Professor Helen Stokes-Lampard: Overstretched GPs face greatest risk from Bawa-Garba blame culture

The case of Dr Hadiza Bawa-Garba threatens to plunge the NHS into a blame culture that denies doctors the chance to reflect openly on mistakes, the RCGP chair warns in a statement published today on GPonline. Read Professor Helen Stokes-Lampard's statement in full below.

Dr Bawa-Garba’s case has shaken the entire medical community in the UK - it is now essential that lessons are learnt from this case, and are used to shape the future of medical practice in the best interests of NHS staff and patient care.

We must never forget that at the centre of this tragic case is Jack Adcock, the child who died, and first and foremost our thoughts are with his family. But the case has also caused considerable anxiety for GPs, particularly GP trainees, who are worried about the repercussions of the ruling and how it might affect the way they practise in future.

Patients need good, safe doctors, but in order to continuously improve, doctors need the freedom to reflect openly and honestly on the care that they deliver and the systems within which they work.

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The implications for general practice, specifically, are significant given that we work independently, largely on our own, seeing the greatest number of patients on a daily basis in the health service. We do this without effective mechanisms to control our increasing workload, and a vital part of our role is to deal with uncertainty and manage risk on behalf of the NHS.

It is essential that supportive systems are in place for GPs and our teams to recognise and report errors that occur, and reflect on them so that we can learn and take steps to reduce the chance of them happening again. RCGP council is very concerned that instead of promoting an open culture focussed on learning from errors by improving systems, the unintended consequence of this tragic case could be regression to a blame culture.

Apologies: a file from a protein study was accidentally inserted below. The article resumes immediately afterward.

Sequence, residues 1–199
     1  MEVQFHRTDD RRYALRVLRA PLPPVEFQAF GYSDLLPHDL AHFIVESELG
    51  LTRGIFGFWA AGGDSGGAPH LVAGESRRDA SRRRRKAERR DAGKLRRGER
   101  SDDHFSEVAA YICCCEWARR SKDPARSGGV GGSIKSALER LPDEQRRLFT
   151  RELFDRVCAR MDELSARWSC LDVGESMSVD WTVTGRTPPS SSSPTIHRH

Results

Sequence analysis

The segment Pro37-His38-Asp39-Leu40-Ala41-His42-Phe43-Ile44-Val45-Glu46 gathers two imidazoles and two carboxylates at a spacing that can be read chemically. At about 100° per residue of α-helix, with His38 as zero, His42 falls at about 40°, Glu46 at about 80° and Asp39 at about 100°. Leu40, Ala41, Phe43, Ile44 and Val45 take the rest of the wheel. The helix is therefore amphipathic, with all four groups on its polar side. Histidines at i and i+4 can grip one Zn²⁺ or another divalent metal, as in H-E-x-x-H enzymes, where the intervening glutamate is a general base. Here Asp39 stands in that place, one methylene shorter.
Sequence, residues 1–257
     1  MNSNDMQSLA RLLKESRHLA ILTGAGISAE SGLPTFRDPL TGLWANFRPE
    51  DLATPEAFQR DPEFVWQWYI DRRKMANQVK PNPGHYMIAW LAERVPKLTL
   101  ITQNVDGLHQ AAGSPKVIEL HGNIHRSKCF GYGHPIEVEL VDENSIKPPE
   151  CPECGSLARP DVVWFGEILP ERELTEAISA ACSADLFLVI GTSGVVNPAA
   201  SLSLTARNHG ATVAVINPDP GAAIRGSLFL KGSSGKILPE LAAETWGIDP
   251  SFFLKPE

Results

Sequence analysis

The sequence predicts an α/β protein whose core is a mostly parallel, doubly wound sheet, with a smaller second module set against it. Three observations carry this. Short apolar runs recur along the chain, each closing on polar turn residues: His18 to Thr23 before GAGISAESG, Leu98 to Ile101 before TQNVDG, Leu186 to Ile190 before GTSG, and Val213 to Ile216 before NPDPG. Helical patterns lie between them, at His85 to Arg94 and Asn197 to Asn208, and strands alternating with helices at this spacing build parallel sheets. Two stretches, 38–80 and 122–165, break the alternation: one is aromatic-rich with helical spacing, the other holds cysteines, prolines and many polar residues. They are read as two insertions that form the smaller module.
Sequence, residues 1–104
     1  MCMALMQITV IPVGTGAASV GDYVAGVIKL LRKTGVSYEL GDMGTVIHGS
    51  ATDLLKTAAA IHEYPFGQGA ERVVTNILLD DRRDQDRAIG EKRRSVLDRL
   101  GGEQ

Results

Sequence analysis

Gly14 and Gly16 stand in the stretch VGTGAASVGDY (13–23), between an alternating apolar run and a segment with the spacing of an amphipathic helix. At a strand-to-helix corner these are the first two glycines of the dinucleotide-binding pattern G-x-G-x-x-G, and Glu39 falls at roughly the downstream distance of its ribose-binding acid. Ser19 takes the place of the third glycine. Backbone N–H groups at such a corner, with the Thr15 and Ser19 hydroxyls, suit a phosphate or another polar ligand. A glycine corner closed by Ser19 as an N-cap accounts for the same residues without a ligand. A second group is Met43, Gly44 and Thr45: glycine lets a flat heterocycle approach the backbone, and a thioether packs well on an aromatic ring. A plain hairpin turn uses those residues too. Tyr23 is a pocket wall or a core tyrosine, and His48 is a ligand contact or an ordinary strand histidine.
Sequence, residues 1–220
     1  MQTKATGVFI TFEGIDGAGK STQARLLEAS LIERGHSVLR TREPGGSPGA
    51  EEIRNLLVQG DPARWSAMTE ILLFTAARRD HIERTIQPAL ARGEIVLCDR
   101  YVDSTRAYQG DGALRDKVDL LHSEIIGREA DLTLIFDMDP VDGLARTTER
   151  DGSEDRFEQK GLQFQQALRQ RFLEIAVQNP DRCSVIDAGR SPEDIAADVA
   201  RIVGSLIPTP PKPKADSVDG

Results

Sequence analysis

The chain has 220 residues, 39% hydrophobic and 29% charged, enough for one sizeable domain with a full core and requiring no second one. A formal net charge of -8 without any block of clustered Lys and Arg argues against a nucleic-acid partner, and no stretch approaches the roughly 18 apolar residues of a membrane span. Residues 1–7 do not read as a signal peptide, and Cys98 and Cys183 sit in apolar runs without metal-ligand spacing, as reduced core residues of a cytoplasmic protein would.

We have shared guidance with our trainees on how to reflect in the safest possible way, and we stand by our advice that reflecting openly and honestly is an essential part of GP training and continued professional development - as well as the best defence for doctors, if they do make mistakes. We will also be looking at our own processes, to make sure we are providing the best possible pastoral support we can for our members.

GP workload

Furthermore, this case has drawn attention to the enormous pressures that doctors and their teams are operating under in today’s NHS.

GPs are frequently working in challenging environments, at the frontline of the NHS, and errors are more likely to be made in an under-resourced, overstretched workplace.

We believe that this is a time for the medical profession to unite and the college is standing with the Academy of Medical Royal Colleges and Conference of Postgraduate Medical Deans in calling for the resources to ensure that all doctors in training have adequate, high-quality clinical supervision, and that safe staffing levels and functioning systems are in place right across the NHS.

It is important that all doctors have confidence in the organisation that regulates them, and to this end we will be working constructively with the GMC to ensure it is sensitive to the concerns of GPs, and that steps are taken to restore the confidence that has been lost.

There was considerable concern at council over the GMC’s approach to Dr Bawa-Garba’s case, and the way it was handled, and the college will be raising this with the regulator directly.

It would not be right for us to comment on the judicial process and verdicts, but we have welcomed the government’s review into cases of gross negligence manslaughter. We will be responding to this and hope the conclusions from this investigation will help us all work together to improve our health system for patients and staff throughout the NHS, both now and in the future.

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